Darlena Cunha is a contributor to TIME
June marked a string of historic changes nearly unprecedented in minority communities in the U.S. The Supreme Court ruled that same-sex marriage was legal, resulting in more than 26 million Facebook users changing their profile pictures, the White House lighting up in rainbow colors, and many around the country excitedly saying “I do” for the first time. Meanwhile, after a shooting in Charleston, S.C., a raging debate over whether or not the Confederate flag should be taken down continues amid violence and protests.
Right there for the taking, it seemed, was a beautiful, poignant comparison—one that Mother Jones called “iconic.” A cartoon in five panels, side-by-side, shows a Confederate flag lowered as a rainbow flag is raised. On the surface, the image appears to capture the intense battles oppressed groups have overcome in recent days, marking a celebratory victory for all. In reality, that is far from the case.
By making one snapshot of two very different battles, we are implying a correlation that does not exist, and, further, we are assuming a victory of race where there is none. The URL for the Mother Jones piece—”the-gays-won-the-civil-war” —instead of being cutesy and funny is a travesty. It’s an act of ignorant privilege that this joke can even exist. Those who have not had to live through this, those whose ancestors never experienced the institution of slavery, are glibly conflated one cause with another.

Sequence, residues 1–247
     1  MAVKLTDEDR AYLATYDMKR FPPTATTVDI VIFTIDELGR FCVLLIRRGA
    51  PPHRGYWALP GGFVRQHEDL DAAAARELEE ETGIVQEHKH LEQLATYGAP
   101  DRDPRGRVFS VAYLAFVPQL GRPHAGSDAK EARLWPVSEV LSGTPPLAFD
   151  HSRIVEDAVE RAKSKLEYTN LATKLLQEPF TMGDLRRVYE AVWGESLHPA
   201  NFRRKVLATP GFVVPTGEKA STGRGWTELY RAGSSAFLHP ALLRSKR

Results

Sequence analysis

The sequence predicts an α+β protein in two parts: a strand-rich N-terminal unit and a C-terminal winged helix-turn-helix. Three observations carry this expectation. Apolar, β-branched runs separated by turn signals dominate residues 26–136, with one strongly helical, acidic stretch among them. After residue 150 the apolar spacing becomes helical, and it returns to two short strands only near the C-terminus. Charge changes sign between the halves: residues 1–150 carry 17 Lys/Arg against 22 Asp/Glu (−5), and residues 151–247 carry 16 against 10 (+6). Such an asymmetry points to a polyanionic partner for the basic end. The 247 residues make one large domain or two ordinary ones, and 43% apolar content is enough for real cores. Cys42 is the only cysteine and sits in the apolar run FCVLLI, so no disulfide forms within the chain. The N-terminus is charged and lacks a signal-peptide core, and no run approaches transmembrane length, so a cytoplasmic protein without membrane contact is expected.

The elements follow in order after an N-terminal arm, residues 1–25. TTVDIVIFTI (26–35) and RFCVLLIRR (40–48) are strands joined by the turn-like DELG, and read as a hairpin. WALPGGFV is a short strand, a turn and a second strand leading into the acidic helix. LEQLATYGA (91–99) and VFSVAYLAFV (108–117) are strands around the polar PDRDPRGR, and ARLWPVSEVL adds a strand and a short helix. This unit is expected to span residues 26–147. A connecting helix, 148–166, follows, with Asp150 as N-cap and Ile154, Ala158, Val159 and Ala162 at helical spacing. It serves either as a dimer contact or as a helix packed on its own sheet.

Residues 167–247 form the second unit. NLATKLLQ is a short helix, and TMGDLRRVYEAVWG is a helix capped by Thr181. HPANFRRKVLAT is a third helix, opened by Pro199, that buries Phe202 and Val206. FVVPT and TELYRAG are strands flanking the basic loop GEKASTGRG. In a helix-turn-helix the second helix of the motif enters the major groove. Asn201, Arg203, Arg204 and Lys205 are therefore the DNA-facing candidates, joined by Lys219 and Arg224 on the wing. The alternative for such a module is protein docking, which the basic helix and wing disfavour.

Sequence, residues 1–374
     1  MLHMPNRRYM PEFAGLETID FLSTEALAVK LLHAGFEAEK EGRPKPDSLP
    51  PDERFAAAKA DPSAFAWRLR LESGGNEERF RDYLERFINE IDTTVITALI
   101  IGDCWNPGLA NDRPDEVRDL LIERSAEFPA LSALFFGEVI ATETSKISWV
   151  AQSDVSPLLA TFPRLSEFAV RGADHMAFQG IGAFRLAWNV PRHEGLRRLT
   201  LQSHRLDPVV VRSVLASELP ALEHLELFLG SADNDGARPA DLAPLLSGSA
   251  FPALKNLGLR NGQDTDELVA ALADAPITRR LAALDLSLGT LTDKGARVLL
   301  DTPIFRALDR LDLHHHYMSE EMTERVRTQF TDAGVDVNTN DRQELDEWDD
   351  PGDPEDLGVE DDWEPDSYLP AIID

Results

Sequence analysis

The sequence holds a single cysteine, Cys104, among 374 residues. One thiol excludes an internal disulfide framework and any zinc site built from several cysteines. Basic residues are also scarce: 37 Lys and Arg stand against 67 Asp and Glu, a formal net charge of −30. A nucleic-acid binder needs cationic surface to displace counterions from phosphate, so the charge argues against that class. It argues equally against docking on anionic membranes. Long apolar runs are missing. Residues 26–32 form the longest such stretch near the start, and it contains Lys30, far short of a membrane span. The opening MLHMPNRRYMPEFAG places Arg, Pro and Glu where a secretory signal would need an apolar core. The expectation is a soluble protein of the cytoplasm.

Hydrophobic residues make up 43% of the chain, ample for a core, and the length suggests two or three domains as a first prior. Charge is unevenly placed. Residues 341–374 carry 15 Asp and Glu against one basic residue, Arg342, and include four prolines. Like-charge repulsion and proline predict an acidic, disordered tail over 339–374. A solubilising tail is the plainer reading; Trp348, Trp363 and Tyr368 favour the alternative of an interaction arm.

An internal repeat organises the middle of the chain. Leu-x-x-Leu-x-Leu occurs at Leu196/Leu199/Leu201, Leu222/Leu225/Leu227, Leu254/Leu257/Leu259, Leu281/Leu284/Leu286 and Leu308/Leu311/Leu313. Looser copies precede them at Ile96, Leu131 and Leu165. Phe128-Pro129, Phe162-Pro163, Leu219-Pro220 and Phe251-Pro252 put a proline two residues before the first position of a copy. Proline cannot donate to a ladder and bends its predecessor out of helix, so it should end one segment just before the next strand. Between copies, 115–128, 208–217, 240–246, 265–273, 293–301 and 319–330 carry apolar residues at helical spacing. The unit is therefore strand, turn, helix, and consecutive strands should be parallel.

Don’t forget: The Confederate flag still flies over South Carolina’s statehouse. And a black woman was jailed for physically climbing the pole and taking it down. While it is an incredible victory that Confederate flag merchandise is being stripped from store shelves, and some people are choosing to cover up their Confederate tattoos, we must not forget that the cause for such action was the brutal killing of nine black Americans who were studying the Bible.
A human-rights win for the LGBT community based on a court ruling cannot be compared to a tremor of anti-racist solidarity stemming from a mass murder. Let us not forget the black churches still burning in the South, a clear indicator that this rift has not magically healed itself, and racism is not suddenly over.
These two issues cannot be placed side by side because they share very little common ground other than the most superficial tenets of the notion of justice. In showing the replacement of a flag that still flies over South Carolina, we are, perhaps accidentally, erasing a painful piece of black history, co-opting it in the name of peace and justice. We cannot pave over the still-bleeding wounds of those in the trenches of one war because we want a nice, tidy, social-justice box of peace.
It also dangerously allows viewers to ingest that image and subconsciously assume the work has been done, and the fight has been won. To rewrite current events in this way will only make it harder for activists fighting against racism.
Symbolism is an important guide for cultural thought, and false comparisons are dangerous in any venue. It’s possible to celebrate a victory for one marginalized group without trampling all over another. Being sensitive to the plight of one group of people amid the joyous, rightful, and hard-won victory of another allows us to be better allies to both.